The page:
6 November 2012
Compact System Cameras
For a long time the digital SLR has been seen as the only way to go if flexibility and high quality images are required. The wide range of optics available usually means that the right lens could be found for a particular task. The downside to the DSLRs in general is that they are usually seen as too big and heavy to be seen as convenient and as a result some people end up leaving their DSLR at home unless they have a specific purpose to bring it with them.
A relatively new sector of the camera market is the Compact System Camera (also known as ILC). These cameras often have a very similar feature set to a DSLR camera in that they have the full range of exposure modes and also interchangeable lenses.
The typical CSC camera is usually much lighter and smaller than the DSLR but they are not usually pocketable. They reason for this is the lenses. The lenses may be smaller than the DSLR equivalent but they may also be optically slower. In general the larger the image sensor in the camera is the larger the optical a will have to be.
Unlike the DSLR where the image sensor is usually either a full frame size or APS-C size, compact system cameras have image sensors of various sizes.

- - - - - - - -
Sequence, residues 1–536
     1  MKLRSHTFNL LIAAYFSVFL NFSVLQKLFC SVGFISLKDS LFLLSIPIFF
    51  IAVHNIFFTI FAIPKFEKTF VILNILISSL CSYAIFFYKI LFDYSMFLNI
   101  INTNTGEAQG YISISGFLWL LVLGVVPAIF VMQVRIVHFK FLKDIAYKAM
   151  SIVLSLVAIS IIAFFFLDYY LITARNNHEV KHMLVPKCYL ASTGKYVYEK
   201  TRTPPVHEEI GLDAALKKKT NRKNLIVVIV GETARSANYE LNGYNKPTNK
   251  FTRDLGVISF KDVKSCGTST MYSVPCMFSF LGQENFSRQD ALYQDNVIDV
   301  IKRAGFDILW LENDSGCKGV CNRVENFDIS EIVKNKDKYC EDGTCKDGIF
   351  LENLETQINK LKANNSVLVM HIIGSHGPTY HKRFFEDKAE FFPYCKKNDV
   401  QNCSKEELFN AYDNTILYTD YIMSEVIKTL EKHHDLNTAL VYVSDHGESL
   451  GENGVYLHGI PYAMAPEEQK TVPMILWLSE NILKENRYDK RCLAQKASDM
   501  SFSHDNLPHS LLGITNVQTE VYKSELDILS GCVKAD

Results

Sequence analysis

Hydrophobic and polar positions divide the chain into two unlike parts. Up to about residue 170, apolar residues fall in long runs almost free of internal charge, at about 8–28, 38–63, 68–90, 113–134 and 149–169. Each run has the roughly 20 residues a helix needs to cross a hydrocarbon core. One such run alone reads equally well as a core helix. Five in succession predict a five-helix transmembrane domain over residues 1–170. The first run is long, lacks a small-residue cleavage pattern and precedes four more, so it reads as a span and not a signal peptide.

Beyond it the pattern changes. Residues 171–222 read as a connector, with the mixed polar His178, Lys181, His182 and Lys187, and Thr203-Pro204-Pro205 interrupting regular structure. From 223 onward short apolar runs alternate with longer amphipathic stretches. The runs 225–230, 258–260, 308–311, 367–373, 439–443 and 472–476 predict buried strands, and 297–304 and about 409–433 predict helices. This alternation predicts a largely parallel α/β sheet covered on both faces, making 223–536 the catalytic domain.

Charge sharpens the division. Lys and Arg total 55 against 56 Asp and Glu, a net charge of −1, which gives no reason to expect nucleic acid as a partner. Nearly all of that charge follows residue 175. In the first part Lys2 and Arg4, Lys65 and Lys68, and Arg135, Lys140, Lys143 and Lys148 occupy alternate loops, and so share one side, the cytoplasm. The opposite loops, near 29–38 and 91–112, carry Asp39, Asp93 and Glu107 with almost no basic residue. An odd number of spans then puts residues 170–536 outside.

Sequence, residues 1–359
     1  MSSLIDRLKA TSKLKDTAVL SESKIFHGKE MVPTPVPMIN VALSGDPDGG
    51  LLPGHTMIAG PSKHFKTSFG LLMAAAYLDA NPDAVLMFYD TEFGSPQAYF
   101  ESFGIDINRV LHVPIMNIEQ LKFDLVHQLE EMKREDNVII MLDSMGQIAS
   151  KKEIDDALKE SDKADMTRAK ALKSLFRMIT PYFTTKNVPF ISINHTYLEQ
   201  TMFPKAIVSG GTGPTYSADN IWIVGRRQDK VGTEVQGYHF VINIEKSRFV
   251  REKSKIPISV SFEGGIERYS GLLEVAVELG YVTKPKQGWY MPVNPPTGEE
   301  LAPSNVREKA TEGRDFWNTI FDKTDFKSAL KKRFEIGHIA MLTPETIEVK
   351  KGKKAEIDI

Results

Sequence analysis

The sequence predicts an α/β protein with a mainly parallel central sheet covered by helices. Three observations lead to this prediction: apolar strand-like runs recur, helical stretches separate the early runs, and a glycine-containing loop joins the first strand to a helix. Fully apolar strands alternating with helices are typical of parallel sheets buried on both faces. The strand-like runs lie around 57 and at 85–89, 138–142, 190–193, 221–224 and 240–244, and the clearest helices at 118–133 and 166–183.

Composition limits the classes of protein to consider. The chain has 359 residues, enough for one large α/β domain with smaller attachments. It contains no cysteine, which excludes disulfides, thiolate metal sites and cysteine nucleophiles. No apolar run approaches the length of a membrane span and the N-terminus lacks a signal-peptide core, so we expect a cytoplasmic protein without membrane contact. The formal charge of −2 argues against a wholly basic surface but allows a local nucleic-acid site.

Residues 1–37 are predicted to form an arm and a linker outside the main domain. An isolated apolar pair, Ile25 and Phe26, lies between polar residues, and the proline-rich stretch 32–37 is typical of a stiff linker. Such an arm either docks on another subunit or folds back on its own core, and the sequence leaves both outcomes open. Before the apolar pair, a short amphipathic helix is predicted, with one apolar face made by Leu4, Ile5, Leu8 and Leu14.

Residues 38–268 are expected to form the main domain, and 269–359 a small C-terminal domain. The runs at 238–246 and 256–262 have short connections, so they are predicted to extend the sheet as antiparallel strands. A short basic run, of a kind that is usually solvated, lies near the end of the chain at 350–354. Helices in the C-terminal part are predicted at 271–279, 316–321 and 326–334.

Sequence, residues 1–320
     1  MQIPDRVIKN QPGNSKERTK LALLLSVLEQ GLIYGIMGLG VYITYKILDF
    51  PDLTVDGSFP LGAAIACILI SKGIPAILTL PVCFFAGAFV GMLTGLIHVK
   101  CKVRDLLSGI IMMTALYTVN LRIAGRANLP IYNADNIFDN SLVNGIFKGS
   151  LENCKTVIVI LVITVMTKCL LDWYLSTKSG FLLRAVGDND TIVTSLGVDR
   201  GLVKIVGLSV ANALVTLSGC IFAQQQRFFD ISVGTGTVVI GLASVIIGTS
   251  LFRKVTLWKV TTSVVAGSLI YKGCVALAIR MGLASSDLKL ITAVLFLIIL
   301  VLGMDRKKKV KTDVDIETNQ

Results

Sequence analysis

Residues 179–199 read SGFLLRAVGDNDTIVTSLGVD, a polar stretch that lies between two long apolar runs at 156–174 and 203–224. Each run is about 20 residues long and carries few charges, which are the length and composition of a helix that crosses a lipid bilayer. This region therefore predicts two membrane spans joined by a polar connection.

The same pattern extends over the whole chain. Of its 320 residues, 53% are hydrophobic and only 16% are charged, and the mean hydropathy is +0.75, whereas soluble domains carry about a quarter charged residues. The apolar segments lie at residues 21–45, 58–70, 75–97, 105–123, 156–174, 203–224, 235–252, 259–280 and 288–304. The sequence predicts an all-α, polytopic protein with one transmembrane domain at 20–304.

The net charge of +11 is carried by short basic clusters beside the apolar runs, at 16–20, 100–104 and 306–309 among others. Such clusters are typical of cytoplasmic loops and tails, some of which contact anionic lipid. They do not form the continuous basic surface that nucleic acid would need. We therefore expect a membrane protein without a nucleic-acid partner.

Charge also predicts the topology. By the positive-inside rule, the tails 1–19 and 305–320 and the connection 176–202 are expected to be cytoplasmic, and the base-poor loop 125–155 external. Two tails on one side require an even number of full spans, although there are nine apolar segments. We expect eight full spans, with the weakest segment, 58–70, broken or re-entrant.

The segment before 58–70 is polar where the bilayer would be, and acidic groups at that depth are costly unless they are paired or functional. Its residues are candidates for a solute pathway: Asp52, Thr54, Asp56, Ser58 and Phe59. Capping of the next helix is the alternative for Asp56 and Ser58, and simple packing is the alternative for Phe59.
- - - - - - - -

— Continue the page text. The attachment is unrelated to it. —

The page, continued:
The Pentax Q series of system cameras have the smallest sensor which is not too dissimilar to that used in compact cameras. As a result the Q series cameras are very small. Although the full range of exposure modes are provided getting a shallow depth of field is more of a challenge.
Nikon 1 Series: These cameras are based around a 1 inch sensor. The camera bodies are small and so are the current range of lenses.
Olympus PEN Series: Based around the micro 4/3 specification. The image sensor is smaller than APS-C but larger than a 1 inch sensor.
Panasonic G Series: Based around the micro 4/3 specification. The image sensor is smaller than APS-C but larger than a 1 inch sensor.
Canon M Series: Based around the APS-C image sensor.
Fujifilm X Series: Based around the APS-C image sensor.
Samsung Series: Based around the APS-C image sensor.
Sony NEX Series: Based around the APS-C image sensor.
There are three main formats used for saving images; JPEG, TIFF and RAW. All these formats have their advantages and disadvantages.
The JPEG (.jpg) is a compression format that produces image files of relatively small sizes. The greater the compression the smaller the file size but the lower the image quality.
The TIFF format produces much larger files than the JPEG but (even when compressed). It's main advantage is that there is no image degradation which makes it handy for making large prints. It's disadvantage is that as the resolution of the image sensor increases (increased megapixels) the more unwieldy it becomes to handle tiffs. As a result, the number of cameras with this format is in decline.